Abstract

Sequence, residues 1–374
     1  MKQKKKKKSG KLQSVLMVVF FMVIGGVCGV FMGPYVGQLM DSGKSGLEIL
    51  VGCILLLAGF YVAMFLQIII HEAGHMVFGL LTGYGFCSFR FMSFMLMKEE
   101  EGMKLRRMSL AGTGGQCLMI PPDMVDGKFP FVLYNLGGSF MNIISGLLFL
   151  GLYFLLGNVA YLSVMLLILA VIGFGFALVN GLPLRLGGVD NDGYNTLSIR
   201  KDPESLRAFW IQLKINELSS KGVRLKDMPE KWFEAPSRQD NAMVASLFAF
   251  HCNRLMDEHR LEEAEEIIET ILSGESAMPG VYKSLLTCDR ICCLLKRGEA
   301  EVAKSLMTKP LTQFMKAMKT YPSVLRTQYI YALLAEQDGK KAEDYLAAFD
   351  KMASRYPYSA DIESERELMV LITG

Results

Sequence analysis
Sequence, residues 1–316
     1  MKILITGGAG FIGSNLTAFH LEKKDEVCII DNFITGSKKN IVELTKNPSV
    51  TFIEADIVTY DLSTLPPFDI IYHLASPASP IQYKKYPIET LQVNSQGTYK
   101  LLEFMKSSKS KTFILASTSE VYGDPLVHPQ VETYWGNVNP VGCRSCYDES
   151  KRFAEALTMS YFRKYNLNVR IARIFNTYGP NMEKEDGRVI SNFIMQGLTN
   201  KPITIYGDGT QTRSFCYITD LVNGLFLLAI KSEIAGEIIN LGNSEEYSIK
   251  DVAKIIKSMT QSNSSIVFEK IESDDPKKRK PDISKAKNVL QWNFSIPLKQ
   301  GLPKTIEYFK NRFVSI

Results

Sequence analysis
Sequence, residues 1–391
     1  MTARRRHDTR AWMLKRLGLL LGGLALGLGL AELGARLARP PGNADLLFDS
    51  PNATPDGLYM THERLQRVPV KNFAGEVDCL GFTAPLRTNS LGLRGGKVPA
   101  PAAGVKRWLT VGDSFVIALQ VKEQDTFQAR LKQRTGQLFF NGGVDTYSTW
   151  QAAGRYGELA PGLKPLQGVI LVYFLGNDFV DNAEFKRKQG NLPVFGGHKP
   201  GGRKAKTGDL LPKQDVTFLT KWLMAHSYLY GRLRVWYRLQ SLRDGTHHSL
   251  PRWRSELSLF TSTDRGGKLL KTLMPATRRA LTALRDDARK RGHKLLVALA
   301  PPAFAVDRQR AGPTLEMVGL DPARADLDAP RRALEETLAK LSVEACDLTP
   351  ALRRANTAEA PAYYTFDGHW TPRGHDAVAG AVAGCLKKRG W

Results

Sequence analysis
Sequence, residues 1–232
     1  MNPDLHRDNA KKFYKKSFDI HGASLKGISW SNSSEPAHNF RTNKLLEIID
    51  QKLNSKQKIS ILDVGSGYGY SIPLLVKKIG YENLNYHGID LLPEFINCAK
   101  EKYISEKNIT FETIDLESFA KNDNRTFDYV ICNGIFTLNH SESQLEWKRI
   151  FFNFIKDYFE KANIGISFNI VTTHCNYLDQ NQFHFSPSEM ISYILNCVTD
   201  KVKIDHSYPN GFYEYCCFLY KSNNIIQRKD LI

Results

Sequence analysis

The extent and complexity of Laramide foreland basement deformation in the Wyoming province adjacent to the Idaho-Wyoming thrust-fold belt have led to numerous tectonic hypotheses, including tangential crustal compression (manifest as thrusting), vertical uplift, and strike slip; actually, all three types of deformation have occurred. With the advent of plate tectonics, tangential compression related to subduction has been mentioned most frequently as the ultimate cause of foreland deformation. Tangential compression is presumably operative in all subduction-related orogenic belts, but because most orogenic belts do not have foreland basement deformation comparable with that of the Wyoming province, compression alone does not seem sufficient to account for foreland basement structuring. Apparently a more specific condition is necessary. It is here proposed that in addition to tangential compression and strike slip, a lithospheric slab subducted well beneath the foreland is a fundamental requisite for deformation there, providing the buoyancy necessary for uplift of basement blocks. Recent work based on K2O/SiO2 ratios of Cenozoic andesites suggests that paleosubduction did occur far east within the Wyoming province (Lipman and others, 1971).

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